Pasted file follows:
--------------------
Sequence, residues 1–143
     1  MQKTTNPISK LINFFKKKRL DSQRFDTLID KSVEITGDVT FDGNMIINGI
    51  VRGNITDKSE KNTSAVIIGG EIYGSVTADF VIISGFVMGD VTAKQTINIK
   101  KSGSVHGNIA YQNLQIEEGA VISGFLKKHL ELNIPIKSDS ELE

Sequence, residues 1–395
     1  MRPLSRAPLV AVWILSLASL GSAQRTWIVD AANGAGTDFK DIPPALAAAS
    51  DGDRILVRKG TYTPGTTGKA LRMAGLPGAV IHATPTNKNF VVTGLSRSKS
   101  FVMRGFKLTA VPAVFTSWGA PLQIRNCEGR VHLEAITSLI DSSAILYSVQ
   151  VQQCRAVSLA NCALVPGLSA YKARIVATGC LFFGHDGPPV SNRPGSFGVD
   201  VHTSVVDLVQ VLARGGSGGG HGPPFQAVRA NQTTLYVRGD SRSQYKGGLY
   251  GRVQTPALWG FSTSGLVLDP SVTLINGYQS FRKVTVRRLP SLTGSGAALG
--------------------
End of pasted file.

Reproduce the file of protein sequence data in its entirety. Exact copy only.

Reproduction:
Sequence, residues 1–143
     1  MQKTTNPISK LINFFKKKRL DSQRFDTLID KSVEITGDVT FDGNMIINGI
    51  VRGNITDKSE KNTSAVIIGG EIYGSVTADF VIISGFVMGD VTAKQTINIK
   101  KSGSVHGNIA YQNLQIEEGA VISGFLKKHL ELNIPIKSDS ELE

Sequence, residues 1–395
     1  MRPLSRAPLV AVWILSLASL GSAQRTWIVD AANGAGTDFK DIPPALAAAS
    51  DGDRILVRKG TYTPGTTGKA LRMAGLPGAV IHATPTNKNF VVTGLSRSKS
   101  FVMRGFKLTA VPAVFTSWGA PLQIRNCEGR VHLEAITSLI DSSAILYSVQ
   151  VQQCRAVSLA NCALVPGLSA YKARIVATGC LFFGHDGPPV SNRPGSFGVD
   201  VHTSVVDLVQ VLARGGSGGG HGPPFQAVRA NQTTLYVRGD SRSQYKGGLY
   251  GRVQTPALWG FSTSGLVLDP SVTLINGYQS FRKVTVRRLP SLTGSGAALG